And from the purely political side of the equation, she says policy making is not at all linear - in other words we are never choosing the "best" from an array of options. Rather, there are many advocates - each with its own ideology, interests, and funding source - competing for the right to define a problem and therefore be able to give the solution. She goes on to say that, unfortunately, in many cases the underlying science has no impact on policy - it has to be woven into a political story to make a difference.

In climate change, environmental skeptics have learned the political game and know that discrediting the science is very important. Spinning the issues is not at all difficult - whether creating and using words like "Climategate" that conjure up previous scandals or simply discrediting scientists' models. Professor Layzer notes that a major problem is that scientists are not equipped to deal with such political attacks. Scientists are traditionally reserved in their language and the way in which they present arguments and conclusions. But when faced with a politicized opposition, they want to react. Imagine being a climatologist who has studied meticulously the issue of global warming and come to the independent conclusion that it is a major problem for the planet, your children, and the human race. Now imagine your valid work being discredited by some partisan hack as nothing more than the ramblings of an idealogue - wouldn't you be more willing than usual to use stronger language to persuade the public of your case? It's hard to imagine scientists not having more of these types of problems following the Climategate emails, which show impropriety on the part of only a very few scientists. While unfortunate, it represents the arena in which climate scientists, willingly or not, have been thrust.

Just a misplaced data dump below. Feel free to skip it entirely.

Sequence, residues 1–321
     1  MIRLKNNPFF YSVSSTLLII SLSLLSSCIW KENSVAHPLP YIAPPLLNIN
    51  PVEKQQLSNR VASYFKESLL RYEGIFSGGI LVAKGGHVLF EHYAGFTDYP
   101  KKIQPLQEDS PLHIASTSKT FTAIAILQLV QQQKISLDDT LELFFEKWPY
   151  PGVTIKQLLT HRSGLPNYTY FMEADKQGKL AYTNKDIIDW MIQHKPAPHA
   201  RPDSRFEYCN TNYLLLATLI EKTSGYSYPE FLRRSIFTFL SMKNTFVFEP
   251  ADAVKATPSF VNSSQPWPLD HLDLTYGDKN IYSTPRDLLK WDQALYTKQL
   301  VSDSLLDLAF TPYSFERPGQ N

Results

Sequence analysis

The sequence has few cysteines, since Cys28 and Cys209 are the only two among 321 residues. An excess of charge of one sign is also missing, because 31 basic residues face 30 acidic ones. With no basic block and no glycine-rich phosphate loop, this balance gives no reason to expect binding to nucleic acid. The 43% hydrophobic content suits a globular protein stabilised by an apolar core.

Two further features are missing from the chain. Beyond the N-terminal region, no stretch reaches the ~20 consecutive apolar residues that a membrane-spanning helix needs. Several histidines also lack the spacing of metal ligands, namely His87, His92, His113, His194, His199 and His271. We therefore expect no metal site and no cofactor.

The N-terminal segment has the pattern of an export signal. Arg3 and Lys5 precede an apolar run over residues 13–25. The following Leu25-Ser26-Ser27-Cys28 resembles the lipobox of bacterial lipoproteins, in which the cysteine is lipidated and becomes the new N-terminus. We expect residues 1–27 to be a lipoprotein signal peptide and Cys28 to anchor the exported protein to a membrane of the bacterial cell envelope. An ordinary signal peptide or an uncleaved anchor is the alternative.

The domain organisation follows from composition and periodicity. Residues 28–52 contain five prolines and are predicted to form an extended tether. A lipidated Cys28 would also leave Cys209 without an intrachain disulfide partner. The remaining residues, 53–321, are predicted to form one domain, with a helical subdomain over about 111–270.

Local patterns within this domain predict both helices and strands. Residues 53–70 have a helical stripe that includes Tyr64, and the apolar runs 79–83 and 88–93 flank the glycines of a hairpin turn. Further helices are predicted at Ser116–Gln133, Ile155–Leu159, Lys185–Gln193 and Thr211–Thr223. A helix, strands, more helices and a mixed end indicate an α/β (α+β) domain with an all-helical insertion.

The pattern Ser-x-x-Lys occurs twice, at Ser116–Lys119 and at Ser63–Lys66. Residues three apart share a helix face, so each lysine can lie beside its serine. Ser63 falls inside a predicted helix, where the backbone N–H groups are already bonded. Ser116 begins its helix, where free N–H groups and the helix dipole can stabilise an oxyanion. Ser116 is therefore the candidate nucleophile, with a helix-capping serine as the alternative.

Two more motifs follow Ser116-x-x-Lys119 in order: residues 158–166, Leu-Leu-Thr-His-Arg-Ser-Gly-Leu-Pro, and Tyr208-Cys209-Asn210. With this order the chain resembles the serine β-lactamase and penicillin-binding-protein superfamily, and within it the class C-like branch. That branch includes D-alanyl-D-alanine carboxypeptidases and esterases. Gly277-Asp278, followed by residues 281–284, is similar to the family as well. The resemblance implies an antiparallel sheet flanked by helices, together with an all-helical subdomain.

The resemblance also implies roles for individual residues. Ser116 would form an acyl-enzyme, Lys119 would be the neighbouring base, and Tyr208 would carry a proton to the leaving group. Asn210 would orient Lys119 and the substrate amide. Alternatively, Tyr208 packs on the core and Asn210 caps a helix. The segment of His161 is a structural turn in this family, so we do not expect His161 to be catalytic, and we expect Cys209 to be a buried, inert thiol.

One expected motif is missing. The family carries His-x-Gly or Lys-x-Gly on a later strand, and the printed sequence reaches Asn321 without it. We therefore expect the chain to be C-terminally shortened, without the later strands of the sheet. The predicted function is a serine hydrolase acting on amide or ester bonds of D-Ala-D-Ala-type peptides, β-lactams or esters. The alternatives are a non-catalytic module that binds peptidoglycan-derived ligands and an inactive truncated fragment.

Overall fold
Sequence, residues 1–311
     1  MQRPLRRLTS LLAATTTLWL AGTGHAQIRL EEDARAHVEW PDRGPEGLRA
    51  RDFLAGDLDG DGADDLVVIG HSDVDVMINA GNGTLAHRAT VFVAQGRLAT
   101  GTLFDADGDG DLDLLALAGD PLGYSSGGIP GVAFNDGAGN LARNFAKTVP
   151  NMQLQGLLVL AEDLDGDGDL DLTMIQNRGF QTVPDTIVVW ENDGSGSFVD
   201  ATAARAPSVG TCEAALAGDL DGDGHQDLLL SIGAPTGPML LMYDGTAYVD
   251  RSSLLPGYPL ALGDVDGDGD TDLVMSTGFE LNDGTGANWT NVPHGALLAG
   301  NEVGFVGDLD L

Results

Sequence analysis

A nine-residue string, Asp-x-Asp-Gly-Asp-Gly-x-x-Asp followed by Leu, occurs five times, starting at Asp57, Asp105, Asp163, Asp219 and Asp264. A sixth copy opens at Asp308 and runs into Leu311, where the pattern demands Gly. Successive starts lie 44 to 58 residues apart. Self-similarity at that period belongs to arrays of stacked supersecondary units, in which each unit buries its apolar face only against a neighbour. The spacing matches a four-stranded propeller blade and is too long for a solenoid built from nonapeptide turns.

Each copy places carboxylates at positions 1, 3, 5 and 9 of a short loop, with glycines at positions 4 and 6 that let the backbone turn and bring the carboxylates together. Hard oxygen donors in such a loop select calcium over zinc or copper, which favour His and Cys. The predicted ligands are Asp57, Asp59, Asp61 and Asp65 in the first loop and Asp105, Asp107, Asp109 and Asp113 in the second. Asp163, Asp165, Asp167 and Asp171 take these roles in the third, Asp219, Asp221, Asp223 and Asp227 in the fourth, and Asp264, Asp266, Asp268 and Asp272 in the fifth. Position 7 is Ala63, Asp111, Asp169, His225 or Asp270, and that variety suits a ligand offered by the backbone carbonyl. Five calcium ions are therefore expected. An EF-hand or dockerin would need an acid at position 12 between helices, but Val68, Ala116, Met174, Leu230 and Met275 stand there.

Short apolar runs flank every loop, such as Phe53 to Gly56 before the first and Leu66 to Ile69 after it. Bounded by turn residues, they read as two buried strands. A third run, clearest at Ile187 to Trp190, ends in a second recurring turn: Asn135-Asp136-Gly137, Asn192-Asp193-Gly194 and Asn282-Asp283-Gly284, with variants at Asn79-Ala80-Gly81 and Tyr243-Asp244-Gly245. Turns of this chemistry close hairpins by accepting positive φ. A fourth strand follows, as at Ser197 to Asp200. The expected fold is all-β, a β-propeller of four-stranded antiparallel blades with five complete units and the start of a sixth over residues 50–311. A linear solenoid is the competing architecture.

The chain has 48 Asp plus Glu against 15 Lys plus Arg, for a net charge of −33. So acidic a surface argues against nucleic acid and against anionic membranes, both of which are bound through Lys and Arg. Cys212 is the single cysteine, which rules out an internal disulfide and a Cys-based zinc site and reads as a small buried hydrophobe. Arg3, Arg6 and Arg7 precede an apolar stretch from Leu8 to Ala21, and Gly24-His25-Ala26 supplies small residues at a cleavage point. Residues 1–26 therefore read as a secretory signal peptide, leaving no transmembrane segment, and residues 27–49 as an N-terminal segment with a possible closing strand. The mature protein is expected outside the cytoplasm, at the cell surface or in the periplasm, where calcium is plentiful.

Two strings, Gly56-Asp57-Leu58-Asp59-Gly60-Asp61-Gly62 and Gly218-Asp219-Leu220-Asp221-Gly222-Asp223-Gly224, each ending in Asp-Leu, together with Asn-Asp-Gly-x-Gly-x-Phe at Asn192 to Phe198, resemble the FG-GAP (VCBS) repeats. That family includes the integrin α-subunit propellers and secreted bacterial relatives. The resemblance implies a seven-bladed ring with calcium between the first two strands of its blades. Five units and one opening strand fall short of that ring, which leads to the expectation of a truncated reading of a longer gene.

To summarize, politicians are being politicians, some interested party hacked into computers and stole information for its gain, and a few scientists succumbed to human temptations thereby discrediting their work... What is the takeaway? First, it's clear to me that with the stakes so high all around, we will only continue to see a politicized and contentious debate on the issue of global warming. Climategate has reminded me that powerful misinformation campaigns exist, and they exist at very high levels. The incentives for scientists on both sides to be discredited are high, and my sense is that sides will only become more entrenched as we move closer to global climate regulation. This week's research has reiterated the need to have a healthy skepticism for everything that we read or are told. But also, I think we should be looking for and advocating forums, publications, and platforms that are focused on giving people access to the best possible information.